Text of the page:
It’s unofficially official: we’re in a recession. How long it lasts and how bad it gets are up for debate, but we have officially entered the land of low consumer confidence, skyrocketing interest rates, lingering logistics challenges across the Pacific, six dollar gas, and the general public slowly realizing that maybe all that free money in 2020 wasn’t really free.
But now that we’re here, there are lessons to be learned. History does in fact repeat itself.
Marketing leaders are going to react in one of three ways: attempting to “ride it out” and maintaining spend, cutting ad spend significantly (if not entirely), or doubling down on plummeting CPM rates and “buying low” on the attention of their target audiences. There are risks and rewards for each approach.
Looking back at 2008, 60% of brands went dark and cut their TV presence entirely for six months or more at the height of the economic downturn. According to a McKinsey report, ad spend didn’t recover to 2007 levels until 2011 after the 2008 recession. In March 2020 when COVID hit, paid social ad spend dropped 33% and paid search dropped 30%. The DTC revolution and temporary stimulus boost fueled a much faster recovery on spend levels. As it turns out, if you give consumers $1,200 checks from the government, they’ll find ways to spend them.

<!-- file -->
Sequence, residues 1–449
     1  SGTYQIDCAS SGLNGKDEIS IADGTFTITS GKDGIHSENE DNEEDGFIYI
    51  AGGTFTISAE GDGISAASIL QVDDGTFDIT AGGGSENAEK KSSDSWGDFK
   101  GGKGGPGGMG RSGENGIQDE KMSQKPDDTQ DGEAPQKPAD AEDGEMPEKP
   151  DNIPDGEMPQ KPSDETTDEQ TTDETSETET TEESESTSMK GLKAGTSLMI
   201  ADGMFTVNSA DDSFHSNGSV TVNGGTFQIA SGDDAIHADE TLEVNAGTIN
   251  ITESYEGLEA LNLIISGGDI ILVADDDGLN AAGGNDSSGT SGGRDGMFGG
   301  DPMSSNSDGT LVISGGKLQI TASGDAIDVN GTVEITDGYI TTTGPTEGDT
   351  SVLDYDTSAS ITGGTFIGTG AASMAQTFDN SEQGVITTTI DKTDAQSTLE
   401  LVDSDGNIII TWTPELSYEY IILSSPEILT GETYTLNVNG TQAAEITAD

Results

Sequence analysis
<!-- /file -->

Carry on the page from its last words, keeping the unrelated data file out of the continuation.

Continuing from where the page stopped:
This time around, no such stimulus checks will come en masse. The $400 checks Californians are about to receive to “help ease the burden at the pump” will hardly offset fuel costs for a month for most commuters, and in my personal estimation will be used by most consumers to pay off credit card debt that has accumulated via lifestyles that have not adjusted to accommodate paychecks that don’t go as far as they did just five months ago. As such, coupled with ongoing attribution challenges, more marketing leaders are cutting ad budgets, agency relationships, and department payrolls in a hybrid approach of riding it out and throwing enough weight overboard in an effort to keep their boat afloat.
But your mother was right: “everybody else is doing it” is never a great reason to follow suit.
This approach is fueled by false confidence. Brand awareness and loyalty that’s been built for years doesn’t go away overnight just because an ad budget is scaled back. The draining of a brand’s competitive moat occurs over time, and much like the proverbial frog sitting in gradually boiling water, many marketers will fail to react in time to avoid significant long-term setbacks to the brand.
According to McGraw Hill, a study of 600 companies from 1980 to 1985 revealed that those that maintained or increased their ad spend following the 1981 recession outperformed those that didn’t by 265% over that time period.
Here Come the Challenger Brands.
All this said, recessions are incredible opportunities for challenger brands that have the fiscal resources and courage at the C-level to meaningful gains in market share. In the 1920s, Kellogg’s increased ad spend and launched new products, leading to its dominance over Post for decades to come. Toyota increased ad spend during the 1973 recession and was the top imported manufacturer by 1976. In 1991, McDonalds (28% loss) opened the door for Pizza Hut (61% growth) and Taco Bell (40% growth) to gain a stronger foothold in fast food when it scaled back its ad budget.
Regardless of where your brand sits today, you’re going to need a Strategic Partner to help you navigate yet another “new normal” for marketing leaders.
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